Lazarenko seeks a partial judgment on the pleadings or, in the alternative, partial summary judgment. Mot. at 1. The United States argues that the Court should construe Lazarenko's motion as a motion for reconsideration because these issues were presented in Lazarenko's original motion to dismiss, which the Court denied in All Assets I. Opp. at 1. The Court will consider Lazarenko's motion as a motion for partial judgment on the pleadings under Rule 12(c) of the Federal Rules of Civil Procedure, not as a motion for reconsideration or for summary judgment, for two reasons. First, although the Court discussed issues regarding extraterritoriality in All Assets I, the Supreme Court has fundamentally changed the framework for considering extraterritoriality issues. To treat the pending motion as a motion for reconsideration would be inappropriate after the Supreme Court's decisions in Morrison v. National Australian Bank Ltd., 561 U.S. 247, and RJR Nabisco, Inc. v. European Community, 136 S.Ct. 2090. Second, “summary judgment is premature unless all the parties have ‘had a full opportunity to conduct discovery.'” Convertino v. U.S. Dep't of Justice, 684 F.3d 93, 99 (D.C. Cir. 2012) (quoting Anderson v. Liberty Lobby, Inc., 477 U.S. 242, 257 (1986)). The parties submitted all of their substantive briefing on this motion before fact discovery had closed, and summary judgment therefore is inappropriate at this time. The Court will consider Lazarenko's motion as a motion for partial judgment on the pleadings.

         Rule 12(c) states that “[a]fter the pleadings are closed - but early enough not to delay trial - a party may move for judgment on the pleadings.” Fed.R.Civ.P. 12(c); see also Hill v. U.S. Dep't of Defense, 70 F.Supp.3d 17, 19 (D.D.C. 2014). Although a motion for judgment on the pleadings “is functionally identical to a Rule 12(b)(6) motion to dismiss for failure to state a claim, ” Hill v. U.S. Dep't of Defense, 70 F.Supp.3d at 19 (citation omitted), the standard under Rule 12(c) is slightly different in terms of its focus. “The granting of a Rule 12(b) motion typically merely means that the plaintiff has failed to satisfy one of the procedural prerequisites for asserting his claim for relief. A motion for judgment on the pleadings, however, theoretically is directed towards a determination of the substantive merits of the controversy . . . .” 5C Charles Alan Wright, Arthur R. Miller & Mary Kay Kane, Federal Practice and Procedure § 1369 (3d ed. 2017). A court therefore grants partial judgment if “it is clear that the merits of the controversy can be fairly and fully decided in this summary manner.” Id.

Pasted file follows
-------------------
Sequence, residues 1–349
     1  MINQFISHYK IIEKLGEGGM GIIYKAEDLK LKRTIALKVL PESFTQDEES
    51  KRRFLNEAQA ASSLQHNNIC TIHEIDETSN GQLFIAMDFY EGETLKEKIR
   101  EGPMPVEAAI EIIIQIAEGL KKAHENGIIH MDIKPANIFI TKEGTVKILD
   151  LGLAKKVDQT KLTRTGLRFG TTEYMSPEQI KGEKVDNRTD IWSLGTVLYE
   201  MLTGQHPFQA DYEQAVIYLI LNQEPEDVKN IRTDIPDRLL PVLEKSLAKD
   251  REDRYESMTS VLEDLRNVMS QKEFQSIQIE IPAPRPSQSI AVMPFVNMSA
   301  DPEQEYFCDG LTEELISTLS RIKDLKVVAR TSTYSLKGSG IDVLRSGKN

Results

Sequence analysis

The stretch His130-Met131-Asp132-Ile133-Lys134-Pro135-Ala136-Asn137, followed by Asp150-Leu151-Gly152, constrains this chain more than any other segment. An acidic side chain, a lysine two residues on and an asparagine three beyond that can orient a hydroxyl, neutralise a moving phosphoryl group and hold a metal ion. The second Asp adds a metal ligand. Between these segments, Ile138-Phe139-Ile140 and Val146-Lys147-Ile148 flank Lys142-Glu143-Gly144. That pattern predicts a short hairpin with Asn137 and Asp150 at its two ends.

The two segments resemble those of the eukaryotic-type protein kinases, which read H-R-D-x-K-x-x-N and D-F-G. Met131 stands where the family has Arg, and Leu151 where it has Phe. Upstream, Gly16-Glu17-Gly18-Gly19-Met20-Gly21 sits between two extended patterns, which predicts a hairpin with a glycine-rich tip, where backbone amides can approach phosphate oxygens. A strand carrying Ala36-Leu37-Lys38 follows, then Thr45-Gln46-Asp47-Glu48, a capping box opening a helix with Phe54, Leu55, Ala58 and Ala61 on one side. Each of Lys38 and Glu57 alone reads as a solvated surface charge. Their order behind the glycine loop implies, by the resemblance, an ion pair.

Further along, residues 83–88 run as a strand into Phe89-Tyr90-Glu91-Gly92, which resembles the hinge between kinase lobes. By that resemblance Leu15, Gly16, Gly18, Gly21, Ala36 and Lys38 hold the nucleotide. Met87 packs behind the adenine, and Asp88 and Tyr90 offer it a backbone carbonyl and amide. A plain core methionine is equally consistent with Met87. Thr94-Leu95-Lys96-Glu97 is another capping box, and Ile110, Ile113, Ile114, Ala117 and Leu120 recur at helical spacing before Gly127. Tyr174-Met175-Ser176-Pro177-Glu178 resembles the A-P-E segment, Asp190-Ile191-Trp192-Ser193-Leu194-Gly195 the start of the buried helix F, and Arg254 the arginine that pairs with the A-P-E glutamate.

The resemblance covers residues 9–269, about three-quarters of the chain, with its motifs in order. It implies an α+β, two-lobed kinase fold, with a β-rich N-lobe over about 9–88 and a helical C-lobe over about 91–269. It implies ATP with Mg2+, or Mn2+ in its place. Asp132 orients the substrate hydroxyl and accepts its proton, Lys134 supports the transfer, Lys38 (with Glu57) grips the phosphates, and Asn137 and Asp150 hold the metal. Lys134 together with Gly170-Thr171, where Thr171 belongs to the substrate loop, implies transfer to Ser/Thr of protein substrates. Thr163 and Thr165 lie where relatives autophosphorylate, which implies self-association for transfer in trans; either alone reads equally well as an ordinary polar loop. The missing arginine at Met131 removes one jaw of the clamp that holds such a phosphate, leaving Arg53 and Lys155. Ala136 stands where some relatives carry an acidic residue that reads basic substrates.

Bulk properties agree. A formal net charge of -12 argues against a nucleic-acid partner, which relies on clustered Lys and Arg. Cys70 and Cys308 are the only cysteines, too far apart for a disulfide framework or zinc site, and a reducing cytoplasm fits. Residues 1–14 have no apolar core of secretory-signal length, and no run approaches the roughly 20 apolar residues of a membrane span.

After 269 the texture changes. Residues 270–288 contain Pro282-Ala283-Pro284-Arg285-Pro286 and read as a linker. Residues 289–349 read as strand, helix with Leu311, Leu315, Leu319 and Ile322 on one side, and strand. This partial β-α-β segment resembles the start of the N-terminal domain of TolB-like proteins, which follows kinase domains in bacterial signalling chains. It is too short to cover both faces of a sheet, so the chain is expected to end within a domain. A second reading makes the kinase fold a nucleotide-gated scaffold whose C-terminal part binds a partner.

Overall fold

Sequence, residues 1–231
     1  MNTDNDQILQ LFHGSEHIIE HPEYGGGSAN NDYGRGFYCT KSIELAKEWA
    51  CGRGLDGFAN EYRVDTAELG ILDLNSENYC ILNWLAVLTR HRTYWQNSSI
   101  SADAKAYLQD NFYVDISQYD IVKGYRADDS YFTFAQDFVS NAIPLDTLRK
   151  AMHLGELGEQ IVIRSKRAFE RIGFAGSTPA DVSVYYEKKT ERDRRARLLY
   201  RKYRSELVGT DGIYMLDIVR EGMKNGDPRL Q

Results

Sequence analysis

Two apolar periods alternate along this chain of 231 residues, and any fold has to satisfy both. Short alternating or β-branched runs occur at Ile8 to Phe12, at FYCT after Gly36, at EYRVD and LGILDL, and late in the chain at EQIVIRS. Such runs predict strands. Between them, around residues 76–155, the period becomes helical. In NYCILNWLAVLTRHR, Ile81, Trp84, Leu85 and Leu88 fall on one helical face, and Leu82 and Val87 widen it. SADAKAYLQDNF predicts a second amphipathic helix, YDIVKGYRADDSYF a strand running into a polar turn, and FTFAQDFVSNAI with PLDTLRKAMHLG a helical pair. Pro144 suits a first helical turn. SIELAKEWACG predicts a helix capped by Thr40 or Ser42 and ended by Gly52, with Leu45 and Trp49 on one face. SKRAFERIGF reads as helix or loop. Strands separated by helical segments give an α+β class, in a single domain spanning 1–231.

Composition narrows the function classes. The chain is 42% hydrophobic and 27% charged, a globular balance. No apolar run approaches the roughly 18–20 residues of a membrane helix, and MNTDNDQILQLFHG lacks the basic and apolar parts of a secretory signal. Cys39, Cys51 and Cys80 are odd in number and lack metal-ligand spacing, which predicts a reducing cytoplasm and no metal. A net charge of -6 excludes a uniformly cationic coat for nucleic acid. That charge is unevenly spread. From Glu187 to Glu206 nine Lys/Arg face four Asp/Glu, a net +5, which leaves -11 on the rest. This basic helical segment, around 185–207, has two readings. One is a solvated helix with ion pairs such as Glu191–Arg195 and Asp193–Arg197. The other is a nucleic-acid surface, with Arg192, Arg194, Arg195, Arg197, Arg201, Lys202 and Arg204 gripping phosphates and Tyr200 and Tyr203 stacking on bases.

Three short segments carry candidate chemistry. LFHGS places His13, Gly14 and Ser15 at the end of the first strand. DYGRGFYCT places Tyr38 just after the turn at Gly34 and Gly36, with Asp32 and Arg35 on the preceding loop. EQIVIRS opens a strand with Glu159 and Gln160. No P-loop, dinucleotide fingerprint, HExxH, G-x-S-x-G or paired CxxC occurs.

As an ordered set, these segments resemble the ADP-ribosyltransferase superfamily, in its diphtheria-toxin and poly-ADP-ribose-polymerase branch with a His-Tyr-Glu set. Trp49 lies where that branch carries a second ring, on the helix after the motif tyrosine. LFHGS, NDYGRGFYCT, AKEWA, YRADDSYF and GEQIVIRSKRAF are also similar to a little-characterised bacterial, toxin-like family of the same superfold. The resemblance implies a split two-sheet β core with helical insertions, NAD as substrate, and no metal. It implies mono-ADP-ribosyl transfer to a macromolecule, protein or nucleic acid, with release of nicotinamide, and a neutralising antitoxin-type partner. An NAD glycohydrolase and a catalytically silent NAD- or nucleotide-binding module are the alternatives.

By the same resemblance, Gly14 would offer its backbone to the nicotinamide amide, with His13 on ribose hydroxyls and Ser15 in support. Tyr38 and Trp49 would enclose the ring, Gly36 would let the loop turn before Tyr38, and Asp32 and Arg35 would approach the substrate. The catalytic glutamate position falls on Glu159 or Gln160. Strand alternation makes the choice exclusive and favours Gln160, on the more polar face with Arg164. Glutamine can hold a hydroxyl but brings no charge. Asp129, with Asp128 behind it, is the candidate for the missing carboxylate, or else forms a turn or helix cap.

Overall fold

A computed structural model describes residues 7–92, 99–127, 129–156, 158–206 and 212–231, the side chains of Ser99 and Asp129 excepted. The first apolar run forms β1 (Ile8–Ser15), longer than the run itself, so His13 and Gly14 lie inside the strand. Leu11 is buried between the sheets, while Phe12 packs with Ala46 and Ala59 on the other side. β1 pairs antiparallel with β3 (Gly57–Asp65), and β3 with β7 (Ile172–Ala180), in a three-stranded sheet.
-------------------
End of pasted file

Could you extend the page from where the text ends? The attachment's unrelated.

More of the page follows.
“To survive a motion for judgment on the pleadings, a complaint need only provide ‘a short and plain statement of the claim showing that the pleader is entitled to relief, ' in order to ‘give the defendant fair notice of what . . . the claim is and the grounds upon which it rests.'” Hill v. U.S. Dep't of Defense, 70 F.Supp.3d at 19 (quoting Bell Atl. Corp. v. Twombly, 550 U.S. 544, 555 (2007)).[3] “‘Detailed factual allegations' are unnecessary so long as the allegations contain sufficient facts, ‘accepted as true, to state a claim for relief that is plausible on its face.'” Id. (quoting Ashcroft v. Iqbal, 556 U.S. 662, 678 (2009)).